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On the evolution and physiology of cable bacteria.
Proc Natl Acad Sci U S A. 2019 09 17; 116(38):19116-19125.PN

Abstract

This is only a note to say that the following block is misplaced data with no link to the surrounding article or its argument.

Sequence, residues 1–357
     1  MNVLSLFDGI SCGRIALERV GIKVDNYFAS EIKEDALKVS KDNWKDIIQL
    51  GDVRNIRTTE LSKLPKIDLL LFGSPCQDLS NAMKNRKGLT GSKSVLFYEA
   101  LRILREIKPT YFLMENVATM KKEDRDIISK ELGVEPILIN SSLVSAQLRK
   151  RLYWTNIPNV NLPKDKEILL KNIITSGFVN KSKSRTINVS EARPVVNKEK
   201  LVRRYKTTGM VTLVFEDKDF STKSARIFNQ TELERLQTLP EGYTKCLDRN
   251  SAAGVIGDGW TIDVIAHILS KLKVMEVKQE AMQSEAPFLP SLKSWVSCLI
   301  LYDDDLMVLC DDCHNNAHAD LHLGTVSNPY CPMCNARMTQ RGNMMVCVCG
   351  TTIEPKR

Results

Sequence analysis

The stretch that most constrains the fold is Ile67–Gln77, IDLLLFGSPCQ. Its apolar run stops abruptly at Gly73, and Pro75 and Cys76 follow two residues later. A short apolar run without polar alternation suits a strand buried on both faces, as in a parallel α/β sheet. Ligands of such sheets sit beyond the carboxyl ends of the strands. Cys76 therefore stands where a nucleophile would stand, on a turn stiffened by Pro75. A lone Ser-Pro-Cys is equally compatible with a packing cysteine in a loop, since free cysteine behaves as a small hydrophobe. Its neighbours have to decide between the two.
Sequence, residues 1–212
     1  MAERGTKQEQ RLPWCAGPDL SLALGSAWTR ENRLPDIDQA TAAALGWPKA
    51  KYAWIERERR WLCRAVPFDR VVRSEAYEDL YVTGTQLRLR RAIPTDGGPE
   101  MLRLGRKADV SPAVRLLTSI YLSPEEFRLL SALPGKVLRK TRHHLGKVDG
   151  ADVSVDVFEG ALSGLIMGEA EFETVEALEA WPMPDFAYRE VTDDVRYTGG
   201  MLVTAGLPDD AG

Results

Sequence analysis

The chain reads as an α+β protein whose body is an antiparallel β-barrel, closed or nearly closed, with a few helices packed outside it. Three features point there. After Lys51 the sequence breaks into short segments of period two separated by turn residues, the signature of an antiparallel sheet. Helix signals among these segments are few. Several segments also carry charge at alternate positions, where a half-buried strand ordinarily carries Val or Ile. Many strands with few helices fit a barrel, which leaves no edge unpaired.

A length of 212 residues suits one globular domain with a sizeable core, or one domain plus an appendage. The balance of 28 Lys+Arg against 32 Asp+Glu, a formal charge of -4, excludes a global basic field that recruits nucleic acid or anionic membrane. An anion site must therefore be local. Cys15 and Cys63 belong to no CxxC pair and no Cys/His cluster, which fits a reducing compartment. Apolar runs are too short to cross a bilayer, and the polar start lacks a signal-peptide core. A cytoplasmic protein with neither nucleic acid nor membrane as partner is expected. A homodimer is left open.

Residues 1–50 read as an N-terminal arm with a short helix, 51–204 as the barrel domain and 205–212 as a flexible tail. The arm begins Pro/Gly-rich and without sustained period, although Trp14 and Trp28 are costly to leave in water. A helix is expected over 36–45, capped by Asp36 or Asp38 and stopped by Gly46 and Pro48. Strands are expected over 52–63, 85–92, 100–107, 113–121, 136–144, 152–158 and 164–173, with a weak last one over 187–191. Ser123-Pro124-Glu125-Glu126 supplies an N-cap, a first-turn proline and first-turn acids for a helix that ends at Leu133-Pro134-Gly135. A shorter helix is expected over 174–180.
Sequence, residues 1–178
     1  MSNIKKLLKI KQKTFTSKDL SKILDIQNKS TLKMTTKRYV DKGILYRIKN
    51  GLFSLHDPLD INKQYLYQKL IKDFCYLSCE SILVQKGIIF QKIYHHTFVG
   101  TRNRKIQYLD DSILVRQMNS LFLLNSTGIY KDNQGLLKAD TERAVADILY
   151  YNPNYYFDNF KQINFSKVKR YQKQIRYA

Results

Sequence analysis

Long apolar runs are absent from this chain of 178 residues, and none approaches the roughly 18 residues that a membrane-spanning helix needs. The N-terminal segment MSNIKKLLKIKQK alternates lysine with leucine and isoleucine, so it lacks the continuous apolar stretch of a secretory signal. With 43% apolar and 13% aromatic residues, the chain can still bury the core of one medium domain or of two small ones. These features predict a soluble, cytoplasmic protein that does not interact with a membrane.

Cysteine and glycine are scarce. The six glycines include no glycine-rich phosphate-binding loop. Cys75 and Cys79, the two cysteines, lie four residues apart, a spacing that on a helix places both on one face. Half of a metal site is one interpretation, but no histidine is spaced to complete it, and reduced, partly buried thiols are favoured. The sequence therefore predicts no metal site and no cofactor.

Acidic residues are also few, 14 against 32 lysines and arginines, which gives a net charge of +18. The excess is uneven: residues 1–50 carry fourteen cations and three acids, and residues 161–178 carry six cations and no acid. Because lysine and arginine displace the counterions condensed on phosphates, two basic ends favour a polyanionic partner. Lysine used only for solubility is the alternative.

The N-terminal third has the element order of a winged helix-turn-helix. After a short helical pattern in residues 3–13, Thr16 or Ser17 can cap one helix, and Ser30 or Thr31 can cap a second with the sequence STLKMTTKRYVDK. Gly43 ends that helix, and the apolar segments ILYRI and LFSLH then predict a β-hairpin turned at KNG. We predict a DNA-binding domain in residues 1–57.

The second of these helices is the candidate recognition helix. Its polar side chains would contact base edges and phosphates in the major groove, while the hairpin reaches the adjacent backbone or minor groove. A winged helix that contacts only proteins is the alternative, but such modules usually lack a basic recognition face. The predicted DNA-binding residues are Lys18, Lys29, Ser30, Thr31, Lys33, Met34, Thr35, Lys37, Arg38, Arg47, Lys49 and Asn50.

Cable bacteria of the family Desulfobulbaceae form centimeter-long filaments comprising thousands of cells. They occur worldwide in the surface of aquatic sediments, where they connect sulfide oxidation with oxygen or nitrate reduction via long-distance electron transport. In the absence of pure cultures, we used single-filament genomics and metagenomics to retrieve draft genomes of 3 marine Candidatus Electrothrix and 1 freshwater Ca. Electronema species. These genomes contain >50% unknown genes but still share their core genomic makeup with sulfate-reducing and sulfur-disproportionating Desulfobulbaceae, with few core genes lost and 212 unique genes (from 197 gene families) conserved among cable bacteria. Last common ancestor analysis indicates gene divergence and lateral gene transfer as equally important origins of these unique genes. With support from metaproteomics of a Ca. Electronema enrichment, the genomes suggest that cable bacteria oxidize sulfide by reversing the canonical sulfate reduction pathway and fix CO2 using the Wood-Ljungdahl pathway. Cable bacteria show limited organotrophic potential, may assimilate smaller organic acids and alcohols, fix N2, and synthesize polyphosphates and polyglucose as storage compounds; several of these traits were confirmed by cell-level experimental analyses. We propose a model for electron flow from sulfide to oxygen that involves periplasmic cytochromes, yet-unidentified conductive periplasmic fibers, and periplasmic oxygen reduction. This model proposes that an active cable bacterium gains energy in the anodic, sulfide-oxidizing cells, whereas cells in the oxic zone flare off electrons through intense cathodic oxygen respiration without energy conservation; this peculiar form of multicellularity seems unparalleled in the microbial world.